Ten online best practices
- Font choices should make content easy to read. Use font properties like color, size and style as variables to work with. (e.g. If your target market(s) include older generations, increase the font size.)
- When using background images or shading, use the best combination of font type and color so that the text is readable.
- Avoid using reversed type (a dark background with light text) for body content, as it is harder to read.
- Keep the backgrounds behind text solid and plain, to keep the words legible.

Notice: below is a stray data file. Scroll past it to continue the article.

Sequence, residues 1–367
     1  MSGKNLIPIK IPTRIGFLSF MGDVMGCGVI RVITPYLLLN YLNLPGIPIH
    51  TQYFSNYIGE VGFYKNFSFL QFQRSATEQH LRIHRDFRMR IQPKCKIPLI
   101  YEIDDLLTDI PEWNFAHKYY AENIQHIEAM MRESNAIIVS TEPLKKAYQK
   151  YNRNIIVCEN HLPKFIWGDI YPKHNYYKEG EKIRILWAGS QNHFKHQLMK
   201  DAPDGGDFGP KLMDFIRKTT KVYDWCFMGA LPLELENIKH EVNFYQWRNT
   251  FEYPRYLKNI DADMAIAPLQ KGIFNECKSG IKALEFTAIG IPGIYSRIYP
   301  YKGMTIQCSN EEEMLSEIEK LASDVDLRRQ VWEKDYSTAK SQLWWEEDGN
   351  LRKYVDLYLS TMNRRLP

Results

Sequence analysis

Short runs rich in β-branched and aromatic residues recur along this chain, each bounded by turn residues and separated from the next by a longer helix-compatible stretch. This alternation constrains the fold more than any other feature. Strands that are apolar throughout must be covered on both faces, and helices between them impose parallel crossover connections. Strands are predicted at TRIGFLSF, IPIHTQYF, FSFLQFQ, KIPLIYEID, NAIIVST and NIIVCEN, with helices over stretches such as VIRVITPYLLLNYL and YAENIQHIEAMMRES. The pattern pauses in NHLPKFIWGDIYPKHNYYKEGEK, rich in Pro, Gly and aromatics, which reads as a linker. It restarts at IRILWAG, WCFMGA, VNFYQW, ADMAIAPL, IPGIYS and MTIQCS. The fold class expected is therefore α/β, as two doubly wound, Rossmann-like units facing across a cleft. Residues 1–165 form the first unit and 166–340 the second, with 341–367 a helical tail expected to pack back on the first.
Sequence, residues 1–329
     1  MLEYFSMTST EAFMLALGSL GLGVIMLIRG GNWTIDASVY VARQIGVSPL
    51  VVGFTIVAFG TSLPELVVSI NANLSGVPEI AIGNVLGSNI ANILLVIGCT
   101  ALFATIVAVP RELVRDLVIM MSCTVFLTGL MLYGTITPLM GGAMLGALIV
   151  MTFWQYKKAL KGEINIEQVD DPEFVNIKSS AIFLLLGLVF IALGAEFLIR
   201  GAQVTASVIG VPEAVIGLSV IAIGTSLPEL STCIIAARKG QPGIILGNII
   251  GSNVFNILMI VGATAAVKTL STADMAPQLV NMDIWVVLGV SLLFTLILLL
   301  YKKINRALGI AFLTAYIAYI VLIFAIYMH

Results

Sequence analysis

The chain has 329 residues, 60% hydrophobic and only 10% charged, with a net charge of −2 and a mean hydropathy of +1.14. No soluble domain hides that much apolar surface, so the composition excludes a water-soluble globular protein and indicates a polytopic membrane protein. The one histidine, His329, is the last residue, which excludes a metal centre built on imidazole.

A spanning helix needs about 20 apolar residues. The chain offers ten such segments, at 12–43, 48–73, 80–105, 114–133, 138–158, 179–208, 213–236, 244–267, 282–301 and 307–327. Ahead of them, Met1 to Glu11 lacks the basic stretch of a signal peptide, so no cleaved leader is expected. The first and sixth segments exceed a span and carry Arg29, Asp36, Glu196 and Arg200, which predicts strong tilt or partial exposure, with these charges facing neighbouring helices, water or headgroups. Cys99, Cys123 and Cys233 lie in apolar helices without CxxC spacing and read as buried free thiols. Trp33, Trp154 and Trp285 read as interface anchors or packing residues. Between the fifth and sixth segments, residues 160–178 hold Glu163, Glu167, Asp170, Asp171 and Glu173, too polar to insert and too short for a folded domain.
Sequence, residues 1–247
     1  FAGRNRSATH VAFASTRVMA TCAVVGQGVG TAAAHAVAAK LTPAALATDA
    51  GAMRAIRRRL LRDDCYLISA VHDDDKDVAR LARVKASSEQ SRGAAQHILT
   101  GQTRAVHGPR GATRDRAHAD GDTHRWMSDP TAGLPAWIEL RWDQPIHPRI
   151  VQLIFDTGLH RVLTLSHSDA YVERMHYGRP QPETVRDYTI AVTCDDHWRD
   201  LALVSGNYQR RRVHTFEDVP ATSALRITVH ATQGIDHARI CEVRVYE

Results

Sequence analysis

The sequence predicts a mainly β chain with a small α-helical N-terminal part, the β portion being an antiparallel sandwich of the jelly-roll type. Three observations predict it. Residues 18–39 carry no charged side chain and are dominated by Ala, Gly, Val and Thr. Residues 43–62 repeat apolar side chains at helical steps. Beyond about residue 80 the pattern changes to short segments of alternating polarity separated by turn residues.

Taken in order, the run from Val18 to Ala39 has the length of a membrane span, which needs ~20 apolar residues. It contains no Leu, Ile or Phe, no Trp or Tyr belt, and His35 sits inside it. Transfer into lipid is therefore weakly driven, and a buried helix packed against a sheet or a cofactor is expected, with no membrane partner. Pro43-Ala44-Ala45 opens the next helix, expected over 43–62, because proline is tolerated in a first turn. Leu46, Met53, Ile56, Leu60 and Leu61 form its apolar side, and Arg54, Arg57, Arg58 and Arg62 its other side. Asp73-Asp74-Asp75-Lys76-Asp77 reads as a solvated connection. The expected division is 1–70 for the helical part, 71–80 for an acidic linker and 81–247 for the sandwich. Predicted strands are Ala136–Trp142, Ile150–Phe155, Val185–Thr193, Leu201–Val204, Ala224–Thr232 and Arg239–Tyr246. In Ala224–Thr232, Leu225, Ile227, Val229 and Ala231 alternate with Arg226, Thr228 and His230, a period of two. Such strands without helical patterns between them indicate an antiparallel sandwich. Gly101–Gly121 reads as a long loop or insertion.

- Fonts on all pages should be consistent with the overall theme (including color and style.) More than 2 or 3 fonts can overwhelm the reader.
- Underlining should only be used if there is a hyperlink.
- Sans serif fonts (e.g. Arial) are easier to read online compared to serif fonts (e.g. Time New Roman). Note: the opposite is true for printed material.
- As it takes 50% longer to read online text, a general rule is to cut half of the content.
- Use common fonts, eliminating the chance that visitors do not have an obscure font on their computers.
- Don’t be afraid of white space. It helps prevent the reader from becoming overwhelmed.
Bonus. Increase scanability. Use bolded subheads. Break blocks of text up by using bullets.
If you need help with your online strategy, contact Byrnes Consulting today.